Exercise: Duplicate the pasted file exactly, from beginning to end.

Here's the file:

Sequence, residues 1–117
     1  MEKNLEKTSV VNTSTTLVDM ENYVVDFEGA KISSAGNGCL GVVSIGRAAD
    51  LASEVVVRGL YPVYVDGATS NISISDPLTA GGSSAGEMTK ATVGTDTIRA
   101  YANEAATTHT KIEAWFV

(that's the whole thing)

Sequence, residues 1–117
     1  MEKNLEKTSV VNTSTTLVDM ENYVVDFEGA KISSAGNGCL GVVSIGRAAD
    51  LASEVVVRGL YPVYVDGATS NISISDPLTA GGSSAGEMTK ATVGTDTIRA
   101  YANEAATTHT KIEAWFV